Battery Isolator Questions


Technical information and Q&A applicable to all years and models of Goldwings
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stovall
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Battery Isolator Questions

Post by stovall »



I'm prepping for the summer & plan to do a LOT of riding on my 1990 GL1500SE. I want to put a spare battery in my trailer to have for LED lighting & USB power when we camp. I know there are isolators on Amazon, but which kind do I need? Do I need to match the size if the isolator to the amperage of the battery, or does it just control the charging aspect of the battery? I'm sure this is not a new idea, as most things have been tried at least once, especially on the 1500's! I appreciate any help you guru's have to offer. I also want to thank everyone on the site for the excellent articles & advice! It is such a comfort to know that anything I have questions about can generally be answered here on the site! I also want to wish everyone a Merry Christmas & a happy New Year!!! May the coming year find you all in excellent health (and wealth...we can all wish anyways), & enjoyable, safe riding!


Keep the shiny side up!!!!
Brian


Brian Stovall
1990 Gl1500SE
Pendergrass, GA
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AZgl1800
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Re: Battery Isolator Questions

Post by AZgl1800 »

No need to spend bucks for an isolator:

I would run a separate lead from the bike's battery, through a fuse that goes to a new relay you install.
run a new wire to the trailer hitch area, and use a 2-wire rubber connector like used for Trailer Lights, so that you can pull it apart when the trailer is not connected.

the coil of the new relay should be connected to the Accessory Terminal on the fuse block.

This wire should be 12 gauge, not a dinky little 16 gauge, or even 14 gauge.

The battery in the trailer will probably charge up to within about 0.25 volts of what the bike's battery is.

but, be aware, that just short runs will not recharge the extra battery if it is pulled down to 12 volts or less.
It takes a long time, to get a battery up to full charge.

The Alternator needs to be putting out around 14.3 volts for a long time....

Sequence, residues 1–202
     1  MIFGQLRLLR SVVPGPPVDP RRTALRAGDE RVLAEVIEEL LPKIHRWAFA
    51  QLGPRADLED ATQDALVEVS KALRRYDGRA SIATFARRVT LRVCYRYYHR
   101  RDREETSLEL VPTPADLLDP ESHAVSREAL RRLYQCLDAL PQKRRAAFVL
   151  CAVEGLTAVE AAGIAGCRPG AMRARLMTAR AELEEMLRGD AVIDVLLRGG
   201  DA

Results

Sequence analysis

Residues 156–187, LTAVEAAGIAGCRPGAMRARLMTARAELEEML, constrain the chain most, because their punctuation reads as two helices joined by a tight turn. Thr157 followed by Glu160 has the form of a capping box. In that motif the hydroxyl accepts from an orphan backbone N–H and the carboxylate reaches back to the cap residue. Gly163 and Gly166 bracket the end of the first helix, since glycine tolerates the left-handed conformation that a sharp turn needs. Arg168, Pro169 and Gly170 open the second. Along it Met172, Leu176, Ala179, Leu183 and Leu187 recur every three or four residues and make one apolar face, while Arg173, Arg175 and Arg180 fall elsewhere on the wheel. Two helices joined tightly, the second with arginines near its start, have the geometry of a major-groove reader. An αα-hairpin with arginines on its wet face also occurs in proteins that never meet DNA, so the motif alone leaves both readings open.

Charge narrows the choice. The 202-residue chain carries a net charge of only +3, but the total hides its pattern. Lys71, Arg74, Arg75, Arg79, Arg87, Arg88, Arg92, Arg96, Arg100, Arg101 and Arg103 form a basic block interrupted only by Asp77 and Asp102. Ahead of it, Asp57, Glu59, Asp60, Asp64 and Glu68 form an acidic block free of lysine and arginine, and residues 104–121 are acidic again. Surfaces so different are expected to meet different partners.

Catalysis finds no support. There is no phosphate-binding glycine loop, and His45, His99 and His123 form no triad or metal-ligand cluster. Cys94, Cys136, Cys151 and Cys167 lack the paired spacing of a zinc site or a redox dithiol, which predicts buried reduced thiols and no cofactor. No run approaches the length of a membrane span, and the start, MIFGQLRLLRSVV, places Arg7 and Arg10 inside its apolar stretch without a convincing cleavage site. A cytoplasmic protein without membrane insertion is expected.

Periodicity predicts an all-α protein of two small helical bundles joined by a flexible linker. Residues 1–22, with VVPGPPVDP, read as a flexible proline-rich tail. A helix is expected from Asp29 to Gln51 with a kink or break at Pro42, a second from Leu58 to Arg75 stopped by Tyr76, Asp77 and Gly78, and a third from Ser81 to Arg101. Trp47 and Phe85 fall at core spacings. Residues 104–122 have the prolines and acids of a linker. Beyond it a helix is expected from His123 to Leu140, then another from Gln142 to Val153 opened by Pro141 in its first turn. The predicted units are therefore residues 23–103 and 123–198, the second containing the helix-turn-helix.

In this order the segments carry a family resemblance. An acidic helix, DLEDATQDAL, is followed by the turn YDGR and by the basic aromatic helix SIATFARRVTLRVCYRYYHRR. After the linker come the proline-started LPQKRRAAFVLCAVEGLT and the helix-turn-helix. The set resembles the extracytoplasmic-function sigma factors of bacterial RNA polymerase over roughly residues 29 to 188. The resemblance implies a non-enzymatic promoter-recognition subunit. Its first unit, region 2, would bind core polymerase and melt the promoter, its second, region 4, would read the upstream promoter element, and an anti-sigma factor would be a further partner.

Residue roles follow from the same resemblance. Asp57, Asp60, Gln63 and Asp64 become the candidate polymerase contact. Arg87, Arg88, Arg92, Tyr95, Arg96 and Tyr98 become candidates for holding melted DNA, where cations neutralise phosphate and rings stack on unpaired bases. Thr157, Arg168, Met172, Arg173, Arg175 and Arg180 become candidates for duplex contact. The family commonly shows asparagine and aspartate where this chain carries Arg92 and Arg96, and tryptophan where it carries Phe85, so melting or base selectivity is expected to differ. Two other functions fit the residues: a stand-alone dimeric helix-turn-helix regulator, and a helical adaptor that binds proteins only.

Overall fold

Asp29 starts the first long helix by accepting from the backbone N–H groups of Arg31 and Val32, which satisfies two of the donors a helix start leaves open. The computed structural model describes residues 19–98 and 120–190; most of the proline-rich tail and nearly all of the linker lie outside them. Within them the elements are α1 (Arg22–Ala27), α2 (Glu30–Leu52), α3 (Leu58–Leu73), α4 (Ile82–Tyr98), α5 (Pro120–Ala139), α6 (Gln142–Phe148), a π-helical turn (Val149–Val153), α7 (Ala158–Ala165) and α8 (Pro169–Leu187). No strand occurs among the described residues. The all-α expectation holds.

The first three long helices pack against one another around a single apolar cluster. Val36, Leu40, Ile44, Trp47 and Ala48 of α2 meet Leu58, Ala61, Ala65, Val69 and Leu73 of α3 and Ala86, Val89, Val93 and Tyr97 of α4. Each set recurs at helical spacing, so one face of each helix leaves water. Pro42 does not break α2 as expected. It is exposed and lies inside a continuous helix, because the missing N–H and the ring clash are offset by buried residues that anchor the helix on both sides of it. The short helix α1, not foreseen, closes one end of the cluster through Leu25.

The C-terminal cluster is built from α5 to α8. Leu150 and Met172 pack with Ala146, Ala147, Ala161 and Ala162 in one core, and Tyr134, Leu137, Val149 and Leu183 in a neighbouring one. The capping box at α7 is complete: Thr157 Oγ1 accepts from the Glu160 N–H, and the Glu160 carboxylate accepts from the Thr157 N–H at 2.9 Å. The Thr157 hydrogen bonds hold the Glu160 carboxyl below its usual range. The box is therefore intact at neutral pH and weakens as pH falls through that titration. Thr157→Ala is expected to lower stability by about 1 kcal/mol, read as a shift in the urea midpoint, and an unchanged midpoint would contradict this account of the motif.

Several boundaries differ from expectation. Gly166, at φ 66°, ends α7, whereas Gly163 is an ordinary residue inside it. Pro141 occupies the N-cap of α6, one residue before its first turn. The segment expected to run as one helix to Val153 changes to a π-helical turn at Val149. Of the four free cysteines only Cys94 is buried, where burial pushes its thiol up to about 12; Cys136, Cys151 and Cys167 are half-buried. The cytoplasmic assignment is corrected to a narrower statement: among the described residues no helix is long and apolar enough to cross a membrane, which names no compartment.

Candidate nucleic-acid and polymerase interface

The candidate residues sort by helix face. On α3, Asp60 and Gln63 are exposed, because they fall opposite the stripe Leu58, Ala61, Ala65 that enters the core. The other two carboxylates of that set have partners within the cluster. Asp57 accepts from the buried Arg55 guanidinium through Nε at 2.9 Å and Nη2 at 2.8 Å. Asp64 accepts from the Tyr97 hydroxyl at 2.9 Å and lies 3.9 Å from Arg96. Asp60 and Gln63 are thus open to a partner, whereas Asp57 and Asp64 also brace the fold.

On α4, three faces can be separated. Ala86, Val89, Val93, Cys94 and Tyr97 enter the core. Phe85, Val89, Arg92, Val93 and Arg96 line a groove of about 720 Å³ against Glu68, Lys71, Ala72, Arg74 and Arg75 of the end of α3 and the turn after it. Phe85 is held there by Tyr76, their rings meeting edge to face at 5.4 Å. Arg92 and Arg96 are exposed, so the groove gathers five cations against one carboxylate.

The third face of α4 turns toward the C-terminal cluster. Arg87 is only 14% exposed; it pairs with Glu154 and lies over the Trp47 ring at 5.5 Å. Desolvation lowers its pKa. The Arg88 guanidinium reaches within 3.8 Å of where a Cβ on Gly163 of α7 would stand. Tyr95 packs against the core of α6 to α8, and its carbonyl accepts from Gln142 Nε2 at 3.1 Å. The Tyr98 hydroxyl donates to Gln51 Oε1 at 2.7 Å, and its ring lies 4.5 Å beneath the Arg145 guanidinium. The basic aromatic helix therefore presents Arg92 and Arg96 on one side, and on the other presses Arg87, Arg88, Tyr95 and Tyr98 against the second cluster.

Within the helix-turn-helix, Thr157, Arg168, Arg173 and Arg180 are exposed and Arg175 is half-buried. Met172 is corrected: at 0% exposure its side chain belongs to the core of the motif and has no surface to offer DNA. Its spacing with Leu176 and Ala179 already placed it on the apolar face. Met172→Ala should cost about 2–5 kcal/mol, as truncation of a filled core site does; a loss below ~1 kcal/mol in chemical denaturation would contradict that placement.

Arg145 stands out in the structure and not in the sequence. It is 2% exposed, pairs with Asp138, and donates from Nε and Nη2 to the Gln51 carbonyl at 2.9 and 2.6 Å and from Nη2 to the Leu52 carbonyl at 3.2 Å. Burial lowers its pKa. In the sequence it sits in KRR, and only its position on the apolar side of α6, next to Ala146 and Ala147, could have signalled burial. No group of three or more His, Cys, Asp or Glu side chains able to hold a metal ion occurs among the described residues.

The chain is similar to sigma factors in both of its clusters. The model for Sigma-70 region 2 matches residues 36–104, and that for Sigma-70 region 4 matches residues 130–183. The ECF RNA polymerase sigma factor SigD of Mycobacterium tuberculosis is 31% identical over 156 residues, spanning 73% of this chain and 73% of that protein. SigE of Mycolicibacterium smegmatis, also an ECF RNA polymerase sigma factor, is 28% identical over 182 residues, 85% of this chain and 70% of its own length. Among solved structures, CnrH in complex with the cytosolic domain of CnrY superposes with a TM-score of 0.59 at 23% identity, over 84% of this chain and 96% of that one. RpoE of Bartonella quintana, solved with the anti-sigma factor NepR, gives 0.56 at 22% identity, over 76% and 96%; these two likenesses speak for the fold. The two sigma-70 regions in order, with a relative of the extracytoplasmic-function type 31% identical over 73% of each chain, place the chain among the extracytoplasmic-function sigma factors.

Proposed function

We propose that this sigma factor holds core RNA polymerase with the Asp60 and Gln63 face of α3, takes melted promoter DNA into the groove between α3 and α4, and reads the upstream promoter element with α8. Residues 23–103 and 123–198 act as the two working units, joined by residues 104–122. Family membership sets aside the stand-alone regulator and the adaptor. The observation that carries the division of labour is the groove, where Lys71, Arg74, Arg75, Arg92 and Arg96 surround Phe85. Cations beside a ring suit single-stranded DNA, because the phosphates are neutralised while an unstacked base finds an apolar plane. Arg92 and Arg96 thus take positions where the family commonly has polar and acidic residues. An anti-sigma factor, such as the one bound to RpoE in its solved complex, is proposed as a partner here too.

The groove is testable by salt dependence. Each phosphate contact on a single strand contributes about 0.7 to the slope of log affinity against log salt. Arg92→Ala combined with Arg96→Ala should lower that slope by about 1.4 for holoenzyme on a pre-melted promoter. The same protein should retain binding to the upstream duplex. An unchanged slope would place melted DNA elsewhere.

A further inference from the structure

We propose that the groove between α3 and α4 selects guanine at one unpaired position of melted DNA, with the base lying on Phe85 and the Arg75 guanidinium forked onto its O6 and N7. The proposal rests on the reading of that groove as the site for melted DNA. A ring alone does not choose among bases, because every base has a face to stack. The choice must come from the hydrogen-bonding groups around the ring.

you will need to have a Voltmeter installed on the bike's dash somewhere so you can monitor the situation.

Also, if the 1500 has the OEM alternator, you cannot have any extra lights added, it won't handle the load.

I would suggest installing a Toggle switch to turn off the bike's running lights, and if that is not sufficient, then also install a Toggle switch to turn off the Headlights....

Compufire makes an alternator that puts out around 80-90 amps at 3,000 RPM which would be a great help

I would also suggest a Solar Charger panel that can put out at least 100 watts, 200 watts would be better, especially if you like to camp w/o riding the bike and charging the trailer battery
~John

2009 Piaggio MP3 250cc

https://i.imgur.com/4SOFPYS.jpg
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Rambozo
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Re: Battery Isolator Questions

Post by Rambozo »

Just a diode rated at the max charging current will do the job to charge your aux battery while keeping the bike from using it. You could also just use a properly sized wire as long as you disconnect it from the bike while running your camp, so you don't drain the bike battery. A true isolated system would require you to make changes to the bikes wiring, as the isolator needs to go in the line from the alternator then out to each battery.
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Re: Battery Isolator Questions

Post by DenverWinger »